Enviro Links: No Money for Spill Research, White House Rejects Carter’s Solar Panel, and More

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The internal report BP put out last week on the causes of the Deepwater Horizon disaster has been roundly criticized for downplaying BP’s share of the responsibility. The Wall Street Journal also reported that BP’s lawyers were allowed to review the report before it was made public.

The Associated Press digs through the $134 million in contracts the Obama administration awarded for work related to the Gulf oil spill, including $18,000 for some guy to keep track of and classify news stories about the government’s handling of the spill.

A lack of funding is keeping many independent researchers in the Gulf from working on studies that could provide crucial information about the impacts of the oil spill.

BP is telling analysts that it believes that the $20 billion set aside to compensate the victims of the spill will be more than adequate.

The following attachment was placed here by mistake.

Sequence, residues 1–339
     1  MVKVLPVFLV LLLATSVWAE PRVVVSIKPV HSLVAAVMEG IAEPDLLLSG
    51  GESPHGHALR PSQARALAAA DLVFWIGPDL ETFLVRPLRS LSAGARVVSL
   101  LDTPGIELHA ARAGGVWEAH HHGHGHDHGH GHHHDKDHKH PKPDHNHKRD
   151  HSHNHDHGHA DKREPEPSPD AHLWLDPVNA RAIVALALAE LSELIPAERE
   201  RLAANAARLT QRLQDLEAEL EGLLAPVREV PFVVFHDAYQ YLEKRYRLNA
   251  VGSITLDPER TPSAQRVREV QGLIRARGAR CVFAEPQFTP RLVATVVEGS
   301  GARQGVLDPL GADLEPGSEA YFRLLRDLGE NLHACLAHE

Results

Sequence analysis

And in other environmental news:

The death toll following the explosion of a natural gas pipeline in San Bruno, Calif. last Thursday may be as high as seven, and six more people are still missing.

The White House turned away Jimmy Carter’s solar panel on Friday, which the group 350.org had delivered from Maine.

Climate change isn’t just threatening polar bears. A new report from the Center for Biological Diversity finds plenty of other Arctic critters at risk: the Arctic fox, the Pacific walrus, four types of seals, four types of whales, the sea butterfly, three types of seabirds caribou, and muskox are all at risk in a warming climate.

Alaska Republican Sen. Lisa Murkowski may still make a bid to keep her seat as a third-party or write-in candidate.

The source of the oil leak in Michigan still hasn’t been found, though the EPA says crews are closing in on the site.

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IT'S NOT THAT WE'RE SCREWED WITHOUT TRUMP:

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This is a big one for us. So, as we ask you to consider supporting our team's journalism, we thought we'd slow down and check in about where Mother Jones is and where we're going after the chaotic last several years. This comparatively slow moment is also an urgent one for Mother Jones: You can read more in "Slow News Is Good News," and if you're able to, please support our team's hard-hitting journalism and help us reach our big $350,000 goal with a donation today.

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